38. Call the Midwife: Shadows of the Workhouse
By Jennifer Worth (Weidenfeld & Nicolson, 2007. 304 pages)
“The sequel to Jennifer Worth's New York Times bestselling memoir and the basis for the PBS series Call the Midwife.
When twenty-two-year-old Jennifer Worth, from a comfortable middle-class upbringing, went to work as a midwife in the direst section of postwar London, she not only delivered hundreds of babies and touched many lives, she also became the neighborhood's most vivid chronicler. Woven into the ongoing tales of her life in the East End are the true stories of the people Worth met who grew up in the dreaded workhouse, a Dickensian institution that limped on into the middle of the twentieth century.
Orphaned brother and sister Peggy and Frank lived in the workhouse until Frank got free and returned to rescue his sister. Bubbly Jane's spirit was broken by the cruelty of the workhouse master until she found kindness and romance years later at Nonnatus House. Mr. Collett, a Boer War veteran, lost his family in the two world wars and died in the workhouse.
Though these are stories of unimaginable hardship, what shines through each is the resilience of the human spirit and the strength, courage, and humor of people determined to build a future for themselves against the odds. This is an enduring work of literary nonfiction, at once a warmhearted coming-of-age story and a startling look at people's lives in the poorest section of postwar London.”
Micro Review: Call the Midwife is still one of my top five favorite television series of all time. I was a bit hesitant to read the original memoir because I thought it might reveal too many differences between the true-life story with what is shown on television. While the television series has gone past the original trilogy of true-life stories by Jennifer Worth, the episodes have remained compelling.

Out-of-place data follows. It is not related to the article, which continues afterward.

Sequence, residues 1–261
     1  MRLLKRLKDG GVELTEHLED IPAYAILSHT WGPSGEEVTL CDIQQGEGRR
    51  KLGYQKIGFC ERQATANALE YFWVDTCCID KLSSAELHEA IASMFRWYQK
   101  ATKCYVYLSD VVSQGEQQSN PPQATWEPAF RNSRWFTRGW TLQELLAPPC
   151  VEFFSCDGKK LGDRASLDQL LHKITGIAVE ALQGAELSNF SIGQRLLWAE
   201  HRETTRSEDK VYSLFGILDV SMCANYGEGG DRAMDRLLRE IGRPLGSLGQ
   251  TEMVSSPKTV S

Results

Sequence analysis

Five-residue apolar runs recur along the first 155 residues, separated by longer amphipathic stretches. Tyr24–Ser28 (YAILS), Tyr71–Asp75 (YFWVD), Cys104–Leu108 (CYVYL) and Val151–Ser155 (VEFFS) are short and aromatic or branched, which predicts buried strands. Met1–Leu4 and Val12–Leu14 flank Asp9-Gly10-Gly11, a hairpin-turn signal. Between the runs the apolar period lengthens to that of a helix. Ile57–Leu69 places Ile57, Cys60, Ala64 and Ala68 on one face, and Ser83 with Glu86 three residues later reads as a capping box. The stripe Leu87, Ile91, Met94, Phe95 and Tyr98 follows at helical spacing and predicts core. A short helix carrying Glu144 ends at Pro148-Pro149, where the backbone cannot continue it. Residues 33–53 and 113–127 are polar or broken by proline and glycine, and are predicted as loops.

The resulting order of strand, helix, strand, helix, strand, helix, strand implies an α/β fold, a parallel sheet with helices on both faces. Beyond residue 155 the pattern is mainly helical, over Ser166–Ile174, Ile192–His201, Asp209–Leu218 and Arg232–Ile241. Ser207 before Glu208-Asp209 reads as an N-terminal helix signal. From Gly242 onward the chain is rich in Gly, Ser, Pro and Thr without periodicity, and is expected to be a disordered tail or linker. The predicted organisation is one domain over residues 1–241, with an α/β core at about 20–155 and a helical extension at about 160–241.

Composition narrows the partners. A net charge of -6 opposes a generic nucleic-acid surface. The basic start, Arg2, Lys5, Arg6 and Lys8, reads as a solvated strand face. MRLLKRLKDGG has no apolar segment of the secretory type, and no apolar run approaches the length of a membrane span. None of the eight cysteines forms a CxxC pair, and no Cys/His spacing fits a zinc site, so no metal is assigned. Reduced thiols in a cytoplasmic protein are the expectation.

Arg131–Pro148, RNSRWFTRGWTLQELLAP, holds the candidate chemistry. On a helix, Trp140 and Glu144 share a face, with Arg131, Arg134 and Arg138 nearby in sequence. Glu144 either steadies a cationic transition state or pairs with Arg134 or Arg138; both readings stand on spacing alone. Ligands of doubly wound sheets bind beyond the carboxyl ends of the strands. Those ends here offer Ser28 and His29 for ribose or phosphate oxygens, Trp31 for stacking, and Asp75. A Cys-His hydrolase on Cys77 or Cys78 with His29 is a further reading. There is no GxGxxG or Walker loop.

Probably the largest difference in the books is the greater amount of detail Ms. Worth shares about the pockets of depravity in post-war London's poverty -riddled East End. In my opinion, PBS sketches the realities with a soft touch and that serves the viewer well. In her writing, Worth describes in more harsh detail the prostitution, workhouses, abuse and crime she saw first-hand bicycling her way among the labyrinth of over-populated, under-resourced tenements. It was good for me to know these realities because I don't want to be too fragile to know the truth about poverty, misplaced bureaucracy, and human suffering. But I wouldn't have been able to watch it on television. (I should mention that both the books and the program contain depictions that could trigger stress for those who've experienced trauma -- especially pregnancy-related suffering.)
More importantly, knowing better the jagged details sharpened my appreciation for the nun-midwives and district nurses of Nonnatus House. Their gracious, dogged determination to be the hands and feet of their Savior to the suffering women and children (all people, actually) in the heart of a mid-twentieth century Dickensian world teaches me, incarnational love, just as it drew Jennifer Worth (nurse Jenny Lee in the program) to the Gospel.
39. Save Me the Plums: My Gourmet Memoir
By Ruth Reichl (Random House, 2019. 288 pages)